A reflection for the First Sunday of Lent
It seems almost scandalous to think that Jesus experienced temptation. We think of temptation as something shameful, something that only happens to us and not to others, something that distances us from God.
But in the Gospel for the First Sunday of Lent we see Jesus tempted in the desert (Matthew 4:1-11). Jesus is led into the desert and there He is subjected to the confusing and manipulative tactics of the Enemy.
Jesus was like us in every way except sin. But sin and temptation are not the same thing. Jesus was tempted, He did not sin. What can we take from this for our own fight against temptation? How do we avoid sin even when we experience temptation?
Living with God is not a cakewalk. Sometimes we can have an image of the Church as a place of sweet-sounding hymns and sweet-smelling flowers, where the holy and the pious congregate to polish their perfection and venerate great saints whose lives seem impossibly heroic. But this is not the spiritual life.
The spiritual life is a combat. It is tough. It is hard work. We are not God, but God wants to make us more and more like Himself. This brings tremendous joy, but also growing pains. It requires effort on our part, but most importantly it requires grace
. We will be tempted, but this does not scandalize God. God wants to help us overcome our temptations to make us better. God does not tempt us; God brings us through temptation. We cannot do it alone; we need God.
After Jesus rejects the devil’s seductive advances the third time, we read: “Then the devil left him, and suddenly angels came and waited on him” (Matthew 4:11). The punchline of this Gospel is that temptation is not endless. God has the last word. His grace will always prevail. The devil will not win in the end: the angels are on their way.
Encouraged by this Gospel reading, there are three practical ways that can help us avoid and overcome temptation throughout this Lenten season.
First, pray to God. Pray for His grace to help through whatever is tempting. Ask for His mercy. God is with you and He loves you. He is not scandalized or discouraged by imperfection. Praying not only opens us to receiving God’s help, it will also bring us closer to God.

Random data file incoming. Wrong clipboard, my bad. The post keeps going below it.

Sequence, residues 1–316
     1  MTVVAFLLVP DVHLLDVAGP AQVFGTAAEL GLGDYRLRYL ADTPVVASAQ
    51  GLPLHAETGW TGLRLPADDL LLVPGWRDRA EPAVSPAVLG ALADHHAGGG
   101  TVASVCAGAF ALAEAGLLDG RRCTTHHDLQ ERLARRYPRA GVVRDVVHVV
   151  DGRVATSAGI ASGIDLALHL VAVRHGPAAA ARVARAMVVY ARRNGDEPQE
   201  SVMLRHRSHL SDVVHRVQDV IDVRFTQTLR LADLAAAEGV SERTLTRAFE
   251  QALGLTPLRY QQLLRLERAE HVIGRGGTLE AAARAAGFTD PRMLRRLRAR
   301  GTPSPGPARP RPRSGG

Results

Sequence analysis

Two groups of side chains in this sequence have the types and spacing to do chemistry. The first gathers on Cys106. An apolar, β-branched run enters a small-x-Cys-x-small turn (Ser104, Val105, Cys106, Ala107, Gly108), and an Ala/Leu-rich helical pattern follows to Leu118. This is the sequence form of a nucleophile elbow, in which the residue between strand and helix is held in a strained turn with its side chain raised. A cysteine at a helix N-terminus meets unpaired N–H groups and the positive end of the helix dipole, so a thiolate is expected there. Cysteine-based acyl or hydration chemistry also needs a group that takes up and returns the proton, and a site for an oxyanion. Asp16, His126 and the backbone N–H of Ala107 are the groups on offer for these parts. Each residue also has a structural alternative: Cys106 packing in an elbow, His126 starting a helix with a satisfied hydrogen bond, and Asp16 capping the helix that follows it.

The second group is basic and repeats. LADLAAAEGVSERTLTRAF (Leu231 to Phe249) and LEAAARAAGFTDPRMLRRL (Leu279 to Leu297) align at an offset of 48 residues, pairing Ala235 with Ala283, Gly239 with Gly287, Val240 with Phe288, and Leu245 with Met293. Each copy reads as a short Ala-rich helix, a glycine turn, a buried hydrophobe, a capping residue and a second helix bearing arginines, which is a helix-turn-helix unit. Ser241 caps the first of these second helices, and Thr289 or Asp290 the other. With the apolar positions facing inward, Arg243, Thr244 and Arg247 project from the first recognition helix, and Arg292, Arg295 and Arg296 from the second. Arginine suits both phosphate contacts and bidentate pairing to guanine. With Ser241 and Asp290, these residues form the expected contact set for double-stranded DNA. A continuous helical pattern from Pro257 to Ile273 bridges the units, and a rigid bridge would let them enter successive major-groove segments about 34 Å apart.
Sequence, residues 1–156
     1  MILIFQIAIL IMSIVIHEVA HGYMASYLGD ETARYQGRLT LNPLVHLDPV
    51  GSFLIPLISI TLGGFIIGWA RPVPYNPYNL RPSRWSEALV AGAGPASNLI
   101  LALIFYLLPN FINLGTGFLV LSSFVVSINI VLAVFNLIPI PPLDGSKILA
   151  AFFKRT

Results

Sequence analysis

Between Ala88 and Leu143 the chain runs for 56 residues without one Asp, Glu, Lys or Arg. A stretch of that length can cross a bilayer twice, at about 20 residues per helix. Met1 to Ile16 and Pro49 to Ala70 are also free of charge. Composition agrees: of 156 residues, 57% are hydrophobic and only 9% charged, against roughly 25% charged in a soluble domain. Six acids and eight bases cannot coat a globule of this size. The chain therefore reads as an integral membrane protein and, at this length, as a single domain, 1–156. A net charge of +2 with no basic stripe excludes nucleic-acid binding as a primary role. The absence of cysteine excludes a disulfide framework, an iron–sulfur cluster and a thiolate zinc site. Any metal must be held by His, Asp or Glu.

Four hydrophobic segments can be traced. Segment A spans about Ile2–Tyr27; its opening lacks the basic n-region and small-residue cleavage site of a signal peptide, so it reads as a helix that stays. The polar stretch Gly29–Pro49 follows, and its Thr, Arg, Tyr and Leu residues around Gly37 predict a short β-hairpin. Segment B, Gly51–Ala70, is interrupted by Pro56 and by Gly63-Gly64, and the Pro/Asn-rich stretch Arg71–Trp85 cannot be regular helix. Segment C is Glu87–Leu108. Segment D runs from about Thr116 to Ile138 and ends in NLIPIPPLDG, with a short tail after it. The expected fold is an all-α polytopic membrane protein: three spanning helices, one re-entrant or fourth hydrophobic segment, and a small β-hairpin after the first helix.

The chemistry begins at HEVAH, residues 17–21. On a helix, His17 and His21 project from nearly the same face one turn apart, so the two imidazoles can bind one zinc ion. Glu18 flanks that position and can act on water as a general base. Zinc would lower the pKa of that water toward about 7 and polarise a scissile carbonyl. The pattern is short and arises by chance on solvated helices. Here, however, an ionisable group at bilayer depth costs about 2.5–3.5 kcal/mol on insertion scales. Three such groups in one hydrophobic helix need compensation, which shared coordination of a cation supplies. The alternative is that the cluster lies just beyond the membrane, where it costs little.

Second, take practical steps. For temptations that recur time and time again, finding concrete ways to overcome and avoid can be a huge help. Eating a banana split is no longer tempting when we’re no longer staring it right in the face. Take the banana split away. Walk away from the banana split. Find ways of avoiding the banana split. See it for what it really is: some semi-solidified cold milk with a random fruit and some gooey liquid that increases your chances for diabetes. This may seem extreme when speaking of dairy desserts, but it can come in handy.
Third, see with God’s perspective. See that you are a child of God. See that God wants you to be holy. “His patience is in the direction of our salvation” (2 Peter 3:9). See that your holiness is far more valuable than whatever appears attractive in your temptation. The value of gold increases when it is tested by fire, it does not diminish. Overcoming temptation makes us stronger not weaker. Temptation becomes a sin when use our will and say “yes.” Otherwise, we should simply do as Taylor Swift does and “Shake it off.” The fact that a thought enters our mind is not sin. Being attracted to something evil is not sin. Saying yes to this evil attraction is sin.
And even when we do sin, we are not without hope. We have a Saviour who has been tempted Himself. “For we do not have a high priest who is unable to sympathize with our weaknesses, but we have one who in every respect has been tested as we are, yet without sin. Let us therefore approach the throne of grace with boldness, so that we may receive mercy and find grace to help in time of need” (Hebrews 4:15-16). May Jesus strengthen our resolve to be holy and bring us His mercy throughout this season of Lent. Especially when we are most in need, let us approach His throne of grace with boldness. The Lord is there to help us in the battle. He has already won the war.